In accordance with a preferred embodiment of the invention, there is disclosed a step scooter comprising: a longitudinal support bar, a twelve inch diameter resileint wheel attached by a shaft to a U shaped bracket at one end of said longitudinal bar, a six inch diameter resilient wheel attached to by a shaft to a steerable front fork at the opposite end of said longitudinal bar, a hinged handle bar support tube, a handle bar attached to said support tube, a large approximately eight and one half inch diameter drive gear attached by a shaft to said longitudinal support bar, a small approximately two and one half inch diameter gear attached to said shaft of said twelve inch wheel, a drive chain attaching said small gear to said large gear, a left and right drive disk, each centrally attached to said large gear shaft, each said disk having a shaft protruding outwardly from near the perimeter of said disk, a pair of step support bars, each rotatably attached to said perimeter disk shaft, the end of said step support bar terminating in a roller wheel, a corresponding track for each said roller wheel to travel in and a pair of step platforms attached to said step support bars.

BRIEF DESCRIPTION OF THE DRAWINGS

The drawings constitute a part of this specification and include exemplary embodiments to the invention, which may be embodied in various forms. It is to be understood that in some instances various aspects of the invention may be shown exaggerated or enlarged to facilitate an understanding of the invention.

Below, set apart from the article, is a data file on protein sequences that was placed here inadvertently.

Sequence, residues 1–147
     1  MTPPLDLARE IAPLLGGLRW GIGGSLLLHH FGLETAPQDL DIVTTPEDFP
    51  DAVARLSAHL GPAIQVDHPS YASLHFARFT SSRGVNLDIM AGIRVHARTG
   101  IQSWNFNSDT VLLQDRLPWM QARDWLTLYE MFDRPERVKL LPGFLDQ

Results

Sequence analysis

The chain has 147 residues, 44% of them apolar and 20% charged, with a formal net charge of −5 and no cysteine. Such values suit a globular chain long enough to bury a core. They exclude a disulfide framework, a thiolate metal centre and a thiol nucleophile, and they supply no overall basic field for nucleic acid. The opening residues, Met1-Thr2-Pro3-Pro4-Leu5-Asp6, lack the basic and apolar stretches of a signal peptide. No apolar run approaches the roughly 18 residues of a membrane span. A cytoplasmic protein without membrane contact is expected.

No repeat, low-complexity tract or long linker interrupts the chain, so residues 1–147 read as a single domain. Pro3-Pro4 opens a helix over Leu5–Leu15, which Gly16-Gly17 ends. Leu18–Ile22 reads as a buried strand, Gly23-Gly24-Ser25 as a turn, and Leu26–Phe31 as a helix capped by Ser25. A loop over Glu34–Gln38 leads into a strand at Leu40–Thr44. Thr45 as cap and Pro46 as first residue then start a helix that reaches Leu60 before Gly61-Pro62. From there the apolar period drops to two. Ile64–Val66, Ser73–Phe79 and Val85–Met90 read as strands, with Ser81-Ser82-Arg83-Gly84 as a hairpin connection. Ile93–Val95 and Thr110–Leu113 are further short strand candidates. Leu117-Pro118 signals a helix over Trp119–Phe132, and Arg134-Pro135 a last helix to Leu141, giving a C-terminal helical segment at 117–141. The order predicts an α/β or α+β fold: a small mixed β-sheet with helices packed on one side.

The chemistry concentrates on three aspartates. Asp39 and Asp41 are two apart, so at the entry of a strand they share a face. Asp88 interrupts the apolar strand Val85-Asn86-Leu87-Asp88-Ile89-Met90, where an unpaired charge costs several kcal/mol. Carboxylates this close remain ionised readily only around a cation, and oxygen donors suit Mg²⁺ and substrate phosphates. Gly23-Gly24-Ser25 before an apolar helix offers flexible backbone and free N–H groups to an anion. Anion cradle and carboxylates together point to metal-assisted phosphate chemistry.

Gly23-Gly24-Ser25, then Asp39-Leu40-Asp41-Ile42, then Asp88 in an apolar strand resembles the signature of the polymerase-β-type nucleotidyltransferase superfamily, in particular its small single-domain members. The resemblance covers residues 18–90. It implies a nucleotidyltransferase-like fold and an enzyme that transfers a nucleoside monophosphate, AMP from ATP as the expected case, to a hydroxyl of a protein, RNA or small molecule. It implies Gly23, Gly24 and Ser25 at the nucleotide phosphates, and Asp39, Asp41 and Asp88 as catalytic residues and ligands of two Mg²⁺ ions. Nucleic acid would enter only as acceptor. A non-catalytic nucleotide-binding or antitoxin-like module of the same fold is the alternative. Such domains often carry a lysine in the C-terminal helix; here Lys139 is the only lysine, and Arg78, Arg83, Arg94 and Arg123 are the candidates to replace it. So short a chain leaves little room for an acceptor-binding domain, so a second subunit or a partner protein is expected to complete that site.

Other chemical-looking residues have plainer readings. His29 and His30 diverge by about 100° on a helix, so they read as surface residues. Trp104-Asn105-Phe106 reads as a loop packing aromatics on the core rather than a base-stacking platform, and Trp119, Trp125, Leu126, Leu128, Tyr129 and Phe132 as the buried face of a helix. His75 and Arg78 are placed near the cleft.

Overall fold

FIG. 1 is a side view of the invention in use.

FIG. 2 is a partial side view of the drive mechanism of the invention

FIG. 3 is a top view of the invention.

FIG. 4 is a side view of the invention in the folded transport position.

FIG. 5 is a front view of the handle bar assembly.

FIG. 6 is a side view of the invention with a storage bag in place.

FIG. 7 is a side view of the invention with a stationary exercise module in place.

FIG. 8 is a top section view of the stationary exercise module.

FIG. 9 is a side view diagram of the stepping positions.

FIG. 10 is a side view diagram of the maximum up and down stepping positions.

FIG. 11 is a side view of the invention in a storage box.

DETAILED DESCRIPTION OF THE PREFERRED EMBODIMENTS

Detailed descriptions of the preferred embodiment are provided herein. It is to be understood, however, that the present invention may be embodied in various forms. Therefore, specific details disclosed herein are not to be interpreted as limiting, but rather as a basis for the claims and as a representative basis for teaching one skilled in the art to employ the present invention in virtually any appropriately detailed system, structure or manner.